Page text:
Posted on April 1, 2016
Ethical Situations in Business
Ethical Situations in Business
Business ethics is a set of principles or values that regulate the actions and conduct of employees in an organization (Marcoux, 2008). These principles apply to all aspects of a business and determine the interaction of profit-making and non-profit issues. This paper contains an ethics program that Company X will include in the new workers handbook.
Elements of acceptable behavior in code of ethics
The new employees should practice respect and communication, honesty, time management and adhere to the set dress code (Duggan, 2016). These practices will ensure that the company achieves its goals and mission.
Respect and Communication
A good communication structure exists where employees respect each other as well as the organization’s clients. Hence, workers should handle customers with respect and appreciate opinions from fellow employees. The organization will encourage employees to discuss ideas among themselves and follow proper channels when passing information. Importantly, good communication helps in solving problems amicably and thus, improving productivity.
All employees including subordinate staff should be honest. The management should also practice openness and lead by example. Ideally, workers tend to trust managers who discuss business issues openly. Productivity will be evident in the business organization when there are higher levels of satisfaction, no conflicts, and disruptions.
Employees should adhere to the organization’s dress code at all times. The set mode of dressing ensures personal safety and promotes personal-discipline. Breaching the dress code may portray the company as unprofessional or disrupt the other employees leading to a reduction in productivity.
Workers should be on the workstation at the set time, so as to achieve the daily targets. Lateness and absenteeism lower production, which affects the entire organization. Additionally, proper time management will ensure tight deadlines are met, leading to client satisfaction.
Frequency of training
Within their first week of employment, new workers will receive comprehensive training on the organization’s ethics program. Also, further training will be held quarterly and during the organization’s annual general meeting. In case there is an update or review of the business ethics, a meeting will be organized to inform the workers of the changes.
The ethics officer together with the general manager will facilitate all training programs. Ethics experts from other organizations can also facilitate the training. Individual employees who show a striking code of conduct can also address the seminars.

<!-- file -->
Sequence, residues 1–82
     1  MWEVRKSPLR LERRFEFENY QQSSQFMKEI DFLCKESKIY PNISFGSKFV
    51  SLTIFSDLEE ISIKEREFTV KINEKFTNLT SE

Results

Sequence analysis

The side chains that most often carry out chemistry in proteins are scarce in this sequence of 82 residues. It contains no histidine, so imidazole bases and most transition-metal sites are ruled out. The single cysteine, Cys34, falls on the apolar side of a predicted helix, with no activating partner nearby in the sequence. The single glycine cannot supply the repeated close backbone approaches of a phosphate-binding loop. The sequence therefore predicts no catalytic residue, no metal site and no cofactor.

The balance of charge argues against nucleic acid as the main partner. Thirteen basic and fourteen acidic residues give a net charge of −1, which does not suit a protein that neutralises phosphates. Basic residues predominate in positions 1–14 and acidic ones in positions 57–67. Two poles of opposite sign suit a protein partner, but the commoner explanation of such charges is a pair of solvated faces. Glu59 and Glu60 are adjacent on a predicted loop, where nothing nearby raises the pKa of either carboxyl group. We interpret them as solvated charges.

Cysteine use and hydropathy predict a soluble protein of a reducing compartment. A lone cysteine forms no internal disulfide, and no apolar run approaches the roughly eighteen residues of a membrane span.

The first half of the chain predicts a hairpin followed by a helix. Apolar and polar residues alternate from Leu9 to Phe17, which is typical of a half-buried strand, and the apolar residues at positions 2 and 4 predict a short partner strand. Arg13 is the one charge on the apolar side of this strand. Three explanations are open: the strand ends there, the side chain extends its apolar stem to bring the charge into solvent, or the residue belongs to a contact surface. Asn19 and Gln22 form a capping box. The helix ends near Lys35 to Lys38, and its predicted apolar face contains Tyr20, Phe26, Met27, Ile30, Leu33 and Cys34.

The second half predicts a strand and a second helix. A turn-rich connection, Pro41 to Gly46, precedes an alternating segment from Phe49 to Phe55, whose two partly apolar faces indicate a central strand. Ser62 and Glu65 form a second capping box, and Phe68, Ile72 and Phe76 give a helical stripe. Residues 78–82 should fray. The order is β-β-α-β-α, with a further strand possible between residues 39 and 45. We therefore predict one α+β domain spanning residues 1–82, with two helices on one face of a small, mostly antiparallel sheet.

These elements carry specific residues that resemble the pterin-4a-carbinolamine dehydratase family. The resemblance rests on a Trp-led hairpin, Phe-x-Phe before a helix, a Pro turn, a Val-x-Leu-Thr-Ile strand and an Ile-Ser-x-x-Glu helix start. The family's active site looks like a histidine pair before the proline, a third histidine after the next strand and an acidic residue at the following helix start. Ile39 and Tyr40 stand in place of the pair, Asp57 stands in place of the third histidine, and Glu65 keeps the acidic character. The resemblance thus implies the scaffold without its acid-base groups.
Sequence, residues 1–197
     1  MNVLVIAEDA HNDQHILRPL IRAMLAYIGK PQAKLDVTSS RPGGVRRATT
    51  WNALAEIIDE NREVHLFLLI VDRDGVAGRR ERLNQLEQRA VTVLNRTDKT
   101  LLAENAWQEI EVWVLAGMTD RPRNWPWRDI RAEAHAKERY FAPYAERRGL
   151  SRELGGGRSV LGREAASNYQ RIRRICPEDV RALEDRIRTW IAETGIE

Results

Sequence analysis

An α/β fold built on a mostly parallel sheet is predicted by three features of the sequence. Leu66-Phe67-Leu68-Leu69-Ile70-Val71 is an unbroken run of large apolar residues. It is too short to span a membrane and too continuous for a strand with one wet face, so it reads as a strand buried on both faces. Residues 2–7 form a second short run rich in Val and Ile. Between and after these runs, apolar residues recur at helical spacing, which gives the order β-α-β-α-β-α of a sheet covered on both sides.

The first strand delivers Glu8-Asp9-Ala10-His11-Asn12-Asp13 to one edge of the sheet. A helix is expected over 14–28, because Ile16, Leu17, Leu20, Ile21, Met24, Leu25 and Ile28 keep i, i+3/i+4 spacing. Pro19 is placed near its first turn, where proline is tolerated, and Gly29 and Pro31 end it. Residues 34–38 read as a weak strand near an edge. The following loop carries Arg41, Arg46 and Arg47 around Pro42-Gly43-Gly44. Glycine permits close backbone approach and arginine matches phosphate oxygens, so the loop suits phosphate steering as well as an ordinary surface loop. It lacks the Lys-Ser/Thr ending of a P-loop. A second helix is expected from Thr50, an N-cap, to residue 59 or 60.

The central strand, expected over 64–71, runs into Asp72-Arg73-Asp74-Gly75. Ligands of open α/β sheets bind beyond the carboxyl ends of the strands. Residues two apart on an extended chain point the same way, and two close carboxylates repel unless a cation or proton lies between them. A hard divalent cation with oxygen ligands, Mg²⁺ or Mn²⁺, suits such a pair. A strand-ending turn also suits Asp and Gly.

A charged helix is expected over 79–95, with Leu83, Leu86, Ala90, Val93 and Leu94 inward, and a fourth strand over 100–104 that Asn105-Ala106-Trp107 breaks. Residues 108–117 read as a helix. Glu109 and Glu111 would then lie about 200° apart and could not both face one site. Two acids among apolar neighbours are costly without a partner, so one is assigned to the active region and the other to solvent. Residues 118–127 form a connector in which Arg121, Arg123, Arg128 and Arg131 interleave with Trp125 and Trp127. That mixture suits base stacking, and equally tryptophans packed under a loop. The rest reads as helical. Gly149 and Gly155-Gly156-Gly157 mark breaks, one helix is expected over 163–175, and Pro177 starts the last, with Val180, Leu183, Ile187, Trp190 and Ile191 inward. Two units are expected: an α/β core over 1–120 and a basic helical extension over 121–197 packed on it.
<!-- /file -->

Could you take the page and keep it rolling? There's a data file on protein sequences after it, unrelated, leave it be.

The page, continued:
Training program content
The content will be specific to the organization and in line with the set goals. First, there should be training for workplace safety to prevent injuries and accidents. Second, workers will be taught on the proper channels of communication. This training ensures information reaches the right parties with the right level of confidentiality. Proper utilization of the organization’s resources and employee’s rights will also be part of the training.
1. Monitoring employee misconduct
General workstation misconduct includes theft, fraudulent, sexual harassment, answering personal calls and checking personal emails during working hours (Lohrey, 2015). The organization will adopt call and computer monitoring systems to ensure workers are adhering to the outlined standards and aren’t carrying out personal activities. The call tracking system will help the organization to listen and record conversations of the employees for quality control purposes. On the other hand, the computer monitoring system will allow the management to detect new software and media in the machine. Most importantly, the company will implement surveillance cameras to monitor employee activities; this will prevent internal theft. There should also be a register book where employees sign at the time of arrival and when leaving the workstation.
Security department will have the role of monitoring employee’s misconduct. The organization can also create a discipline board that will review and proposal the right punishment in case an employee breaches the code of ethics. Analyzing the surveillance cameras footage, phone conversations, register book and computer monitoring systems will reveal misconduct (Lohrey, 2015). However, the auditing process should be open to avoid punishing innocent employees. Thus, an employee should have a chance to offer an explanation before the discipline department decides to take actions.